Counting the lives lost to COVID-19, not by the numbers
I’ve never been much of a numbers person. When they get too big, they blur.
I’ve stopped relying on them to process our coronavirus losses. Each time I try to wrap my head around them, they grow.
Worldwide, we’re edging close to 2 million lives ended by COVID-19. In the United States, we are close to 350,000. In California, our deaths from the virus recently passed 25,000. In Los Angeles County, more than 10,000 people who started this pandemic with us are gone.
To me, those numbers seem at once impossibly large and incalculably small.
Too large to feel fully and too small to express how much each life that we lose subtracts.
My own calculus is not numbers-based. It includes countless alternate measurements of loss.
Tamales that didn’t get made this Christmas in the absence of a mother and her recipe.
Babies that came into the world un-greeted by grandparents who had been longing to meet them.
Love stories cut short while still in full bloom, without the chance for even one last long embrace.
Parents’ wise advice that used to be on tap for their children and now is needed more urgently than ever but is nowhere to be found.
Early on in the pandemic, it became clear to me that we were going to lose far too many people to know each of their names. But I felt a need to help mourn them, even as a stranger, even as a shut-in, confined to my own home.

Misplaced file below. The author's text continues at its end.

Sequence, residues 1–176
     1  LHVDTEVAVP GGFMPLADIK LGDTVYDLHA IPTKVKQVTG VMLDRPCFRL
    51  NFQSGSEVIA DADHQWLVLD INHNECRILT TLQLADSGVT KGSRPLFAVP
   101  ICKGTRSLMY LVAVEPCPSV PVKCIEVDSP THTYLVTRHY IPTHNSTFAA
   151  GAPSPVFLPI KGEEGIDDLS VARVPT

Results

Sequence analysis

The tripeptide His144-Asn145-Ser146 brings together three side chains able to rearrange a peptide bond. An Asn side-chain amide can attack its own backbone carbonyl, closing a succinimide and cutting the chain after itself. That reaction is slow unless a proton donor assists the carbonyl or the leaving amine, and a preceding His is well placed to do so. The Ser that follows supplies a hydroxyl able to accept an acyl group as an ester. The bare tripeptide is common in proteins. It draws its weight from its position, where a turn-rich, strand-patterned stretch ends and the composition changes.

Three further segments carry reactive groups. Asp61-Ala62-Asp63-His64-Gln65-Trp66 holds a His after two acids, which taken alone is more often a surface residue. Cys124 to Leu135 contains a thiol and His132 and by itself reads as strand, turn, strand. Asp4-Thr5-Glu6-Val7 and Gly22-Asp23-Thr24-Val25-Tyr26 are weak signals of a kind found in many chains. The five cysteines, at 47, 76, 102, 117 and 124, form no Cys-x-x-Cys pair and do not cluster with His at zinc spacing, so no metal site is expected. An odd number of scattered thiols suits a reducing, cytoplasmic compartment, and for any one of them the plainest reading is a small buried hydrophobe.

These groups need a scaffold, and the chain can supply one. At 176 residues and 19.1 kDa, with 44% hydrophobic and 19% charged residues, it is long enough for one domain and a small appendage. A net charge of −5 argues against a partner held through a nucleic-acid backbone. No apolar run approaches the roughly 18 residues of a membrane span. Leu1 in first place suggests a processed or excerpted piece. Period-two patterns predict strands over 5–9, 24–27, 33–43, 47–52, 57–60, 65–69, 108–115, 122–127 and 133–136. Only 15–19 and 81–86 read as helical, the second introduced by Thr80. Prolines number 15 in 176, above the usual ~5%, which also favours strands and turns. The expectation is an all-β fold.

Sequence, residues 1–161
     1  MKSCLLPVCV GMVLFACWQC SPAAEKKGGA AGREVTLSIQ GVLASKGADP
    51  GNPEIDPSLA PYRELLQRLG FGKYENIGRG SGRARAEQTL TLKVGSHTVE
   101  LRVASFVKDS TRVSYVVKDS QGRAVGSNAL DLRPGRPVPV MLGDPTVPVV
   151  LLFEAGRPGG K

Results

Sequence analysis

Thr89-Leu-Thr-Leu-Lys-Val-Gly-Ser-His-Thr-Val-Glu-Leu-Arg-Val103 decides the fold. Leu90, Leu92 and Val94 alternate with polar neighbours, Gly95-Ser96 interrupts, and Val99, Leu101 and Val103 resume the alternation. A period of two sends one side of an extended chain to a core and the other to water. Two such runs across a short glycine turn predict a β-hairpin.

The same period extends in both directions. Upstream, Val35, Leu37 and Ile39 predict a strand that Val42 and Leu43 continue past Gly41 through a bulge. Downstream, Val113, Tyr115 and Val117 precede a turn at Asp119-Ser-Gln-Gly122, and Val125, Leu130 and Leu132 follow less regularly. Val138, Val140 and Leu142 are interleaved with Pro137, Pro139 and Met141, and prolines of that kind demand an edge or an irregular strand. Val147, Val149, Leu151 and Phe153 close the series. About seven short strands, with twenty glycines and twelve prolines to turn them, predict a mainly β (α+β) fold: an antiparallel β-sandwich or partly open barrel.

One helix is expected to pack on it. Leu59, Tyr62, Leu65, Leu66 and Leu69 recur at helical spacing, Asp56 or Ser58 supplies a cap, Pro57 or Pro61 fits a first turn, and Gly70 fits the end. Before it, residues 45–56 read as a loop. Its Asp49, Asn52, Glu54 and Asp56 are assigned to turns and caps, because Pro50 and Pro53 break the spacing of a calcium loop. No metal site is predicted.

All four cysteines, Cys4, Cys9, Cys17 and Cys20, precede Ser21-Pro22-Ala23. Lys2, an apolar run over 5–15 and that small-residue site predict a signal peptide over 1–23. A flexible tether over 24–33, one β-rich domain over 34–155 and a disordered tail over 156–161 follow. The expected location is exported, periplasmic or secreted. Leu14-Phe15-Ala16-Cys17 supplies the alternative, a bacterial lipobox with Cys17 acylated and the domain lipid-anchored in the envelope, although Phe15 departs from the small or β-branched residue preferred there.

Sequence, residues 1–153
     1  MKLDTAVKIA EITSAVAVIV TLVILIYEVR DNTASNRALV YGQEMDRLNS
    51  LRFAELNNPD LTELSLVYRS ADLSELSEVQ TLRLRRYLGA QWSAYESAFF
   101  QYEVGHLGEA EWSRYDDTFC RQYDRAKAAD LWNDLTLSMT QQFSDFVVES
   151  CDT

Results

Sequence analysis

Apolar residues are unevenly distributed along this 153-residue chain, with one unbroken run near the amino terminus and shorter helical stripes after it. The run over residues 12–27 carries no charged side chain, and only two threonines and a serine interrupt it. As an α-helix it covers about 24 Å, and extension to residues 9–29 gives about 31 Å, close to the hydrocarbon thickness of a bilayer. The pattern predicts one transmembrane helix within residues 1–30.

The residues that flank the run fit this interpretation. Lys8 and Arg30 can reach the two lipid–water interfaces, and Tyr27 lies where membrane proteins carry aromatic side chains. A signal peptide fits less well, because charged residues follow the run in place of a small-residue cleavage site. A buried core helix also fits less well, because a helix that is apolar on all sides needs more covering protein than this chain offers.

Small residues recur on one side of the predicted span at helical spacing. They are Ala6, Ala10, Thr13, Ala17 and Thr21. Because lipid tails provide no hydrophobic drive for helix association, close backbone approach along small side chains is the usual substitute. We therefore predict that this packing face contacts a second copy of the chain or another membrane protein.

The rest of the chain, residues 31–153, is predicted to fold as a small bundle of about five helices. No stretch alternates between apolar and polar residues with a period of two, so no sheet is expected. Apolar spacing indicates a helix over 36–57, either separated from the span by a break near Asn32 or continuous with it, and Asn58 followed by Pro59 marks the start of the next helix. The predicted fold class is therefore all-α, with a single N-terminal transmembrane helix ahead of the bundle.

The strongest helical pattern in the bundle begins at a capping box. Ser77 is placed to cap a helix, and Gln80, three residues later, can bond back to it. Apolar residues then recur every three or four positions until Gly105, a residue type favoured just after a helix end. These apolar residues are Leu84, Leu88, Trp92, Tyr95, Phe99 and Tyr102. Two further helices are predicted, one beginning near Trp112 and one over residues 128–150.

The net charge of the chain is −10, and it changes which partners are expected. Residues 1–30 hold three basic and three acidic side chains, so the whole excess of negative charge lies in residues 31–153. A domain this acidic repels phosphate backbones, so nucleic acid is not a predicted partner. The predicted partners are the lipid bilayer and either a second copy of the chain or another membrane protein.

COVID-19 stopped many people from saying goodbye to their loved ones in person. It stopped them from gathering in person to commemorate those taken from them and to experience that public release of grief.
I wanted to do my part in some small, silent way to join with them in remembering — and more than that, to give due to individual existences so easy to lose sight of in those ever-growing daily death totals.
So I started reading as many of their stories as I could, consciously collecting specific details I knew I would not be able to forget.
In Jewish tradition, you place a pebble or a stone on a grave when you visit. The origins of the ritual are unclear, I think — but it is at least on a basic level a way of saying, “You have not been forgotten.” To me the details I’ve absorbed about some of COVID’s victims are pebbles I now carry with me everywhere I go.
It’s my way of refusing to grow numb to the numbers, of daily acknowledging the depth of our diminishment that they represent.
In the New York Times, I’ve found some of the people whose lives I now think about often. I read about a 97-year-old New York City woman who wrote her last column for a neighborhood newspaper seven months before she died. She’d written the column, called “For a Gentle City,” for decades, and she railed against “traffic anarchy” and wielded a whistle to blow at cyclists she thought were going too fast.
I read about a 39-year-old in L.A. who, after she got the coronavirus, lost her appetite and said everything tasted like salt. It was a particularly cruel turn for a person who loved to cook and who hosted dinner parties for 10 to 15 people at least a couple of times a week.
I read about a 75-year-old Florida chef who used to carve butter and ice sculptures but ended his career cooking in a prison, about how his wife had no sense of smell and he would try to give it to her by describing the similarity of the way certain foods tasted.
“The sweetness of jasmine, he’d tell her, was like biting into a ripe honeydew melon,” said Penelope Green’s piece about him in the New York Times.